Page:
Media Arts Program
 

Friday, October 8, 1976 — Wednesday, October 27, 1976

ARTPARKART II:

Presented at:
Hallwalls

Documentation of work by artists including Barbara BaracksLynda Benglis & Stanton Kaye, Lizzie Borden, Ree Morton (August 3, 1936–April 30, 1977), Jim Roche, George Smith, James Surls, George Trakas, Joseph Panone, Margaret Wharton, Connie Zehr, Michael Zwack (1949–2017), and more than a dozen other artists who had participated in Artpark's 1976 season. Including solo shows by Linda Brooks, Diane Bertolo, Helen Brunner, Charles Clough, Ann Rosen, Cindy Sherman, Bob Dick, Peter Levine, and Paula Logendyke.


An article from the New York Times, Sept. 17, 2009, on the occasion of the Ree Morton retrospective at The Drawing Center:

ART & DESIGN | ART REVIEW | 'Ree Morton'

The Clues Left Behind in Works on Paper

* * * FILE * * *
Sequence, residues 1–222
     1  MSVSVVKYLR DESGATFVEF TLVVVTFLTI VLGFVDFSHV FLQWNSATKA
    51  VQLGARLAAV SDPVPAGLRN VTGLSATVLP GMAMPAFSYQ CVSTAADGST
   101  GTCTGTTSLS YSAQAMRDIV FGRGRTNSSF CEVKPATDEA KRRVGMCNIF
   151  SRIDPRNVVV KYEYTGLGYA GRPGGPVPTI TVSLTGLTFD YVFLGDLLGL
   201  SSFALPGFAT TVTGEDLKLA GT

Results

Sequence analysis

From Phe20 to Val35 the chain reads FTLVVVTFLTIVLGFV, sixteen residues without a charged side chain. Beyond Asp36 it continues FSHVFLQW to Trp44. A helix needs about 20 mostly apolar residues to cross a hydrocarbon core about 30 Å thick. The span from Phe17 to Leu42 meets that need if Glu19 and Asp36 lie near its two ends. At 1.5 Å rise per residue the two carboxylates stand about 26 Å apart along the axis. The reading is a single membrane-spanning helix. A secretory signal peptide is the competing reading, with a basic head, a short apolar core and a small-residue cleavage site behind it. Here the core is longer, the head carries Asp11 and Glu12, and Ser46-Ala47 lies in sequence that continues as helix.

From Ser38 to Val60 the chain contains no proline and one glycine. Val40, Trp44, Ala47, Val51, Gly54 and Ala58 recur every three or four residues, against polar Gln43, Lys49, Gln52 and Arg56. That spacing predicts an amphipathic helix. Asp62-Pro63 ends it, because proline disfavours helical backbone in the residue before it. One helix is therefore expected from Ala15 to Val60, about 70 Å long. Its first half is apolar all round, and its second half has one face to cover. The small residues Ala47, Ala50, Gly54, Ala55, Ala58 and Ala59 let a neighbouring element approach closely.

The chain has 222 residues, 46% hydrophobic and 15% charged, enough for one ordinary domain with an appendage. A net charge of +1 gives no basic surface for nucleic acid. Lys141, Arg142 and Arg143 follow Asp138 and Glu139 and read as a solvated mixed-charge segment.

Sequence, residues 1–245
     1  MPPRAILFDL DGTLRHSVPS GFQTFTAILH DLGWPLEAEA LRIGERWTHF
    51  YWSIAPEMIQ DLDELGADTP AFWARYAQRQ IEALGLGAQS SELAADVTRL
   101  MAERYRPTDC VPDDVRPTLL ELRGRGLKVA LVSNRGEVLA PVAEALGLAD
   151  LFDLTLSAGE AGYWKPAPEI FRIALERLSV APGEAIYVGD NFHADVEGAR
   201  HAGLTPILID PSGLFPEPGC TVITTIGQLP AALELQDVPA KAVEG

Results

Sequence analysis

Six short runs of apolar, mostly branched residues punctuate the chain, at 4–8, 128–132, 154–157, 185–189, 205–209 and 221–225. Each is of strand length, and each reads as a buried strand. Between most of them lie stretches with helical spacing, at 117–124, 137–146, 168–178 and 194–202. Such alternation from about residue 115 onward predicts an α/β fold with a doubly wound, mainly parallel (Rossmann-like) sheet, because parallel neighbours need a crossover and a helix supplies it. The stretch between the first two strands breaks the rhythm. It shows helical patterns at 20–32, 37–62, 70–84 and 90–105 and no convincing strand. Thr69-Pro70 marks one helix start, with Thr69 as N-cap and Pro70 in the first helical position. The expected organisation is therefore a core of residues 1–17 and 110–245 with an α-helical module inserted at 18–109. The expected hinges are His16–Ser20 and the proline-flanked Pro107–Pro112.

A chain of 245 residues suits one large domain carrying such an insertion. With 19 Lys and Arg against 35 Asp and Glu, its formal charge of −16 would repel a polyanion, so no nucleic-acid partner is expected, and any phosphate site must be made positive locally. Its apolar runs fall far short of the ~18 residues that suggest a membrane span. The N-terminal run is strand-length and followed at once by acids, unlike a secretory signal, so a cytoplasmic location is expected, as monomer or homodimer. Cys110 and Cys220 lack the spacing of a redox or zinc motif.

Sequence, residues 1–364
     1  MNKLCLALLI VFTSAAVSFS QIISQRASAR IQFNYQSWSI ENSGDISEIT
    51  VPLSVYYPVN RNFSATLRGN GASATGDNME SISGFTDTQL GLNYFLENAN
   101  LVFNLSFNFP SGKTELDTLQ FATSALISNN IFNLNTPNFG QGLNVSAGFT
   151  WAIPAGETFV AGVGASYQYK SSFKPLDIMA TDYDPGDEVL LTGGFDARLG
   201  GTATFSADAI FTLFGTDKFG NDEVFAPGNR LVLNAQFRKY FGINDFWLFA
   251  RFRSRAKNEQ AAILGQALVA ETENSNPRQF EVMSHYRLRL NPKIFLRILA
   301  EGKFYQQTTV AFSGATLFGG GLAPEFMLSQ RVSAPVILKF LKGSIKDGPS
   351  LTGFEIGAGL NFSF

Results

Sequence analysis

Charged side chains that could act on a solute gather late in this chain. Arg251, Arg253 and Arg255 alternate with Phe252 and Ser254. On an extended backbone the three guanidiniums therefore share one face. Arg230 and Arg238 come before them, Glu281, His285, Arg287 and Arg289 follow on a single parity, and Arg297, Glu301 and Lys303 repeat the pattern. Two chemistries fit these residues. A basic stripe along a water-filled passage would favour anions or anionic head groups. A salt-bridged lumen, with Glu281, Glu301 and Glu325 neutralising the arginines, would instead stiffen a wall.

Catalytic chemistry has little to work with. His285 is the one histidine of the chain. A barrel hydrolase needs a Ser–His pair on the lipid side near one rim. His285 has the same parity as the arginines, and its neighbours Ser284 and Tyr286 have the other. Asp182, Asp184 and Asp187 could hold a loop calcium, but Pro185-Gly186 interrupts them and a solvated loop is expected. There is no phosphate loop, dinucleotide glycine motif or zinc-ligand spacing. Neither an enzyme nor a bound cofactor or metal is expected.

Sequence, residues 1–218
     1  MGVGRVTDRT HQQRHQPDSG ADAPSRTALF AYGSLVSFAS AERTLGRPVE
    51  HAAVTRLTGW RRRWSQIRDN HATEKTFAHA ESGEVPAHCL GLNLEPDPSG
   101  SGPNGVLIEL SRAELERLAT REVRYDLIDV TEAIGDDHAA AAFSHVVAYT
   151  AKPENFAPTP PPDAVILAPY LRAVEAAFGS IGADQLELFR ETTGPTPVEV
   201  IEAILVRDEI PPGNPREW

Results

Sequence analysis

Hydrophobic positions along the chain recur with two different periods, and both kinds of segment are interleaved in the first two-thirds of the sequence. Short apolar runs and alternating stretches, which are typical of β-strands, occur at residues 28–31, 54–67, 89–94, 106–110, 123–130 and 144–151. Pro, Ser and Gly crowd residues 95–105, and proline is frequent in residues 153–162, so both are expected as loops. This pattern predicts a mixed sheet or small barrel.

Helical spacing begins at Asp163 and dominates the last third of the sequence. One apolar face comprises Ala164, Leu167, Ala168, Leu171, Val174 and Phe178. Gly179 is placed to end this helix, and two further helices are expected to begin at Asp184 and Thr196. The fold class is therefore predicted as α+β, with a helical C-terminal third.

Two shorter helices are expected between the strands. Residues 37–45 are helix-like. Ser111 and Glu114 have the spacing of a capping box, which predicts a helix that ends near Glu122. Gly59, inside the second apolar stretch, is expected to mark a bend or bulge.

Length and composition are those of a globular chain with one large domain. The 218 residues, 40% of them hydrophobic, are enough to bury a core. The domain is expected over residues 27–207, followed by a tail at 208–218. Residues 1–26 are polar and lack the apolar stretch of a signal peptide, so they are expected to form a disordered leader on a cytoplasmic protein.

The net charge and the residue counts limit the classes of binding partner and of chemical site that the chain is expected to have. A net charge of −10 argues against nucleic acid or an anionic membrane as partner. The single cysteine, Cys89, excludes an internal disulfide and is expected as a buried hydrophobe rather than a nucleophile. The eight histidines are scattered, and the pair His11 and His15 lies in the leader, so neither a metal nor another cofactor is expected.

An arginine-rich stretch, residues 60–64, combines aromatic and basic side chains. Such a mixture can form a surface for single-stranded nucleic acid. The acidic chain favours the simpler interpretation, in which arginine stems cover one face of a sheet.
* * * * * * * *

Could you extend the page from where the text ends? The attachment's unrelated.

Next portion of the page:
Then in 1977—just shy of her 41st birthday—Morton died in a car accident. Her death, coming not long after those of Eva Hesse in 1970 and Robert Smithson in 1973, dealt another cruel blow to postminimal sculpture. The art world recognized her achievements with a Morton retrospective at the New Museum in 1980.

Since then her art has turned up in the odd gallery show and in 1970s surveys like WACK! Art and the Feminist Revolution (which opened in 2007 at the Museum of Contemporary Art, Los Angeles) and High Times, Hard Times: New York Painting 1967-1975 (a touring show that stopped at the National Academy Museum in New York in 2007). Europeans were ahead of the curve; last year the Generali Foundation in Vienna mounted the most comprehensive Morton show in recent memory.

Most of these exhibitions featured Morton’s later sculptural work and focused on its relationship to feminism or to Pattern and Decoration. So expectations have been running high for the Drawing Center’s Ree Morton: At the Still Point of the Turning World, an exhibition to highlight her drawings.

Alas, the show is a missed opportunity. It fails to penetrate the quixotic, introverted world of these items, which were a key part of her creative process but are in many ways her least influential works.